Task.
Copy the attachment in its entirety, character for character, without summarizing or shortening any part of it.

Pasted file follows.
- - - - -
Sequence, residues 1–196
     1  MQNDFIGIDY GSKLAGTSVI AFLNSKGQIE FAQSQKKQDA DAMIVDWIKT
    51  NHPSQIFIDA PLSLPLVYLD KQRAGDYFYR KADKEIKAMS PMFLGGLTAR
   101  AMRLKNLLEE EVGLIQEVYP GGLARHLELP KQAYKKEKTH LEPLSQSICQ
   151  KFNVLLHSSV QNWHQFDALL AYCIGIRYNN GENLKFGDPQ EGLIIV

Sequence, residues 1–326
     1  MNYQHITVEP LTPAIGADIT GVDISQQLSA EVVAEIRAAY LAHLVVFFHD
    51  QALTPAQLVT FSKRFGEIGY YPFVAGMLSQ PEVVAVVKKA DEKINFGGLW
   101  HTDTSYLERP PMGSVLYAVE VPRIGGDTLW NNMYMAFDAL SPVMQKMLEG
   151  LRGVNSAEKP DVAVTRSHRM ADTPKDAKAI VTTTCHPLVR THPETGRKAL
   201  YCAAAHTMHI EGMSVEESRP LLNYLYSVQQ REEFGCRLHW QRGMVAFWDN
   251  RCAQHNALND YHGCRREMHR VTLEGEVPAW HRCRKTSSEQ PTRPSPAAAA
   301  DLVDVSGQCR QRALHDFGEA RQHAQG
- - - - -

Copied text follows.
Sequence, residues 1–196
     1  MQNDFIGIDY GSKLAGTSVI AFLNSKGQIE FAQSQKKQDA DAMIVDWIKT
    51  NHPSQIFIDA PLSLPLVYLD KQRAGDYFYR KADKEIKAMS PMFLGGLTAR
   101  AMRLKNLLEE EVGLIQEVYP GGLARHLELP KQAYKKEKTH LEPLSQSICQ
   151  KFNVLLHSSV QNWHQFDALL AYCIGIRYNN GENLKFGDPQ EGLIIV

Sequence, residues 1–326
     1  MNYQHITVEP LTPAIGADIT GVDISQQLSA EVVAEIRAAY LAHLVVFFHD
    51  QALTPAQLVT FSKRFGEIGY YPFVAGMLSQ PEVVAVVKKA DEKINFGGLW
   101  HTDTSYLERP PMGSVLYAVE VPRIGGDTLW NNMYMAFDAL SPVMQKMLEG
   151  LRGVNSAEKP DVAVTRSHRM ADTPKDAKAI VTTTCHPLVR THPETGRKAL
   201  YCAAAHTMHI EGMSVEESRP LLNYLYSVQQ REEFGCRLHW QRGMVAFWDN
   251  RCAQHNALND YHGCRREMHR VTLEGEVPAW HRCRKTSSEQ PTRPSPAAAA
   301  DLVDVSGQCR QRALHDFGEA RQHAQG